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Nature of gravity

  1. May 2, 2009 #1
    does the effect of gravitational force vary with state of matter,i.e
    the force is most felt in gases?right.
    anything having mass experiences gravity,so 2 gases having masses should experience gravity between themselves.
     
  2. jcsd
  3. May 2, 2009 #2

    nicksauce

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    Yes, gasses are affected by gravity, as is everything with mass.
     
  4. May 3, 2009 #3
    then moon's gravitational pull has to affect gases also,only the water bodies are affected causing tides,why ?
     
  5. May 3, 2009 #4
    I think you will find that the earths atmosphere does go through tidal variations as does the solid parts of the earth.
     
  6. May 3, 2009 #5
    Anything that has mass is indeed affected by gravity.


    F = G(m1m2)/r^2

    Gas is mass. It's not very dense, but it is still mass.
     
  7. May 3, 2009 #6
    Light (low density) gases tend to rise above heavy (high density) gases. CO2, with a gram molecular weitht of 44 grams per Avagadro's # of molecules, will sink in stagnant air and sometimes asphixiate people (see http://en.wikipedia.org/wiki/Lake_Nyos). Water is about 800 times more dense than air.
     
  8. May 3, 2009 #7

    jtbell

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    If gases were not affected by gravity, the Earth would not have an atmosphere and we wouldn't be here writing about this! :eek:
     
  9. May 4, 2009 #8
    That's exactly right jtbell. I should have thought of posting that fact. That is probably the best example/proof that gases are affected by gravity. The Earth's gravity is what holds our atmosphere in place. The same is true for all celestial bodies with atmospheres. It explains why the moon and mercury do not have atmospheres. They are too small for their gravity to hold one.

    Excellent point made!
     
  10. May 5, 2009 #9
    mass or energy is affected by gravity.
     
  11. May 5, 2009 #10
    No, only matter is affected. Gravity could be thought of as a type of energy, but a force is simply a perpetual energy exerter.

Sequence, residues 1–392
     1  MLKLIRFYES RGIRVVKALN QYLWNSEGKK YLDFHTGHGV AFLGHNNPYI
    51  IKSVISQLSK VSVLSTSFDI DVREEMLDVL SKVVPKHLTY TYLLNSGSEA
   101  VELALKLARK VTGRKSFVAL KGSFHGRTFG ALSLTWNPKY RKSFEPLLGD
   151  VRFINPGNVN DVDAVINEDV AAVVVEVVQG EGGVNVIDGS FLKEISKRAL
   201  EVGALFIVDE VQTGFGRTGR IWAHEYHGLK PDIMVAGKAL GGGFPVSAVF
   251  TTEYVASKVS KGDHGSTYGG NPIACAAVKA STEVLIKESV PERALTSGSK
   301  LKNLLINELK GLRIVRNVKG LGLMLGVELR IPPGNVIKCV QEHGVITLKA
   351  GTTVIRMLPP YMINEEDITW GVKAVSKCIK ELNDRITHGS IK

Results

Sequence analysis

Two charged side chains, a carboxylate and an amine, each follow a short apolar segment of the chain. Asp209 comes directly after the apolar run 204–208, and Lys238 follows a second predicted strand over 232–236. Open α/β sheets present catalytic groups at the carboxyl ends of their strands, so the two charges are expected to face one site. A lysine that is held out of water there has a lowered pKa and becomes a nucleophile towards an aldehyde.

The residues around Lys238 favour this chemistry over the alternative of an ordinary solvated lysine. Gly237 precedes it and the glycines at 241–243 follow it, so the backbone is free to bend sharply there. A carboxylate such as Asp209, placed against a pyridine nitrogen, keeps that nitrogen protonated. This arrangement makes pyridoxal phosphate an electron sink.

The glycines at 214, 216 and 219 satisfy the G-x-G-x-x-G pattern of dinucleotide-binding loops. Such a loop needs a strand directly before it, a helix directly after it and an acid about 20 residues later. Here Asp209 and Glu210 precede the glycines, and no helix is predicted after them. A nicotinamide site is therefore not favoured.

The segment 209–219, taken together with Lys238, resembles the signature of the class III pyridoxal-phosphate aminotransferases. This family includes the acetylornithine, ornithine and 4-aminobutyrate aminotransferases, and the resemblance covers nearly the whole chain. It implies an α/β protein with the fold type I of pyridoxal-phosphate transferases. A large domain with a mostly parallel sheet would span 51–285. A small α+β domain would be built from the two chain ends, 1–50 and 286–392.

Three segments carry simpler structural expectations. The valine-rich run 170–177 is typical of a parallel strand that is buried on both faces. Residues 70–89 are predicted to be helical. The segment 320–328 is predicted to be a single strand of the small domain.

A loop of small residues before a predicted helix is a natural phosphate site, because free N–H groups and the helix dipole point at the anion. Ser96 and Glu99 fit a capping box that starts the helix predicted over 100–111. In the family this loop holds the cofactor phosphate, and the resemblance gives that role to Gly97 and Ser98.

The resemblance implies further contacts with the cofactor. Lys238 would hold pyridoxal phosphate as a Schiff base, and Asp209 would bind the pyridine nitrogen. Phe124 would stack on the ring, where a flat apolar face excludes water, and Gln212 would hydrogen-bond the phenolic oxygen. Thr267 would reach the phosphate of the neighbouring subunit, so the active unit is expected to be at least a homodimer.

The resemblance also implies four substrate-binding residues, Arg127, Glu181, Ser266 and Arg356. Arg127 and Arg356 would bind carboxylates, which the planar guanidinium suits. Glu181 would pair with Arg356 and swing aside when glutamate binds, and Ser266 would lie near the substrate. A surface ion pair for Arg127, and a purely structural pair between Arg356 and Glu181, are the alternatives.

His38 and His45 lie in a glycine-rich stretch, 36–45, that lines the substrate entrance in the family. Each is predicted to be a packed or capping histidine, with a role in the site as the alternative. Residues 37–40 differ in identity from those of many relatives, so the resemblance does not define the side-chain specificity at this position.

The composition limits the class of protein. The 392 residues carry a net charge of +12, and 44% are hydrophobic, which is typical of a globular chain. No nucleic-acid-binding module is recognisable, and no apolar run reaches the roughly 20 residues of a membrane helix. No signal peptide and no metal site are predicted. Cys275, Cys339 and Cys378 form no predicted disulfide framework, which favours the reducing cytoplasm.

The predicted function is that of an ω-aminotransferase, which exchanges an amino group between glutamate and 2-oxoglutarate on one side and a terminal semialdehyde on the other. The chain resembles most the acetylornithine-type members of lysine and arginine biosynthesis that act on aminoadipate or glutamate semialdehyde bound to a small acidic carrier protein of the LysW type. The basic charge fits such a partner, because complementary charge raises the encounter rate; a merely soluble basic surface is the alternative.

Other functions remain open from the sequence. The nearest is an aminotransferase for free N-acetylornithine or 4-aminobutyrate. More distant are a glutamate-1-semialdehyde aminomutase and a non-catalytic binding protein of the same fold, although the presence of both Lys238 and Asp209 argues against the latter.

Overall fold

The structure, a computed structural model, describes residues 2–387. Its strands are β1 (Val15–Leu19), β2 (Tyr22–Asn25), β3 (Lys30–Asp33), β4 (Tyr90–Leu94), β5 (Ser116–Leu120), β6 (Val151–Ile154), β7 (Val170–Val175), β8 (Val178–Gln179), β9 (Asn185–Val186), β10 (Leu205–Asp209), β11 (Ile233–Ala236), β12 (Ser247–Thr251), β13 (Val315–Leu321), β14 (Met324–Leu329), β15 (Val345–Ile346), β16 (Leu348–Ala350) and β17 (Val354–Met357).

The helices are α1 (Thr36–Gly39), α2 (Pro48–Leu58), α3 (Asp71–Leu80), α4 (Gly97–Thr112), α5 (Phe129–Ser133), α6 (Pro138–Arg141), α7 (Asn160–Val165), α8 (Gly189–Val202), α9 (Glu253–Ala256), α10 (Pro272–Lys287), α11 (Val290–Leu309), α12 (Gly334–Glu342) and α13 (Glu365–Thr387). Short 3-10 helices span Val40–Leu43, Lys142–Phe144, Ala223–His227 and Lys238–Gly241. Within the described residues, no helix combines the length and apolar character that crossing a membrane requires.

12. May 5, 2009 #11

    russ_watters

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    None of that is correct. [edit] Well, maybe the part in the middle, but it would be a real stretch - like calling a spring a type of energy.
     
  13. May 6, 2009 #12
    A compressed spring has potential energy and has more mass when compressed .
     
  14. May 6, 2009 #13
    What about light.
    Passing starlight has been observed to be bent by the sun yet it don't have mass only energy.
     
  15. May 6, 2009 #14
    yes light is affected by gravity it also creates gravity.
     
  16. May 6, 2009 #15
    it is obvious that light is affected by gravity,thats how shift occurs.
    now when the moon exerts its gravitational pull on earth,it is the gases that need to
    be affected first,rather the liquid bodies.but tides are being created whille atmosphere
    seems to be intact.
     
  17. May 6, 2009 #16

    A.T.

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    What do you mean by "first"? They are bouth affected simultaneously.
    The oceans seem to be intact as well. The height of the water surface changes by a few meters only. Since the atmosphere doesn't have a distinct upper surface it would be hard to detect such an effect on it.
     
  18. May 6, 2009 #17

    Is this true? Light creates gravity?
     
  19. May 6, 2009 #18
    Gravity (i.e., mass or weight) is not a conserved quantity. For example, when a positron annihilates at rest with an electron, the gravity (mass) associated with the 1.02 MeV in rest mass is lost. Some measurements have been made on the gravitational attraction of low Z materials (e.g., carbon, which is half neutrons) vs. high Z (e.g., lead, which is 60% neutrons), but the measurements are not conclusive on neutron vs. proton gravitational attraction.
     
  20. May 6, 2009 #19
    well," first", i meant in priority,gravitational pull would be more over gases or liquids?
    according to the formula,does increase in mass mean increase in force of gravity?
     
  21. May 6, 2009 #20
    sorry to post again, do we know the rate at which gravity acts?
     
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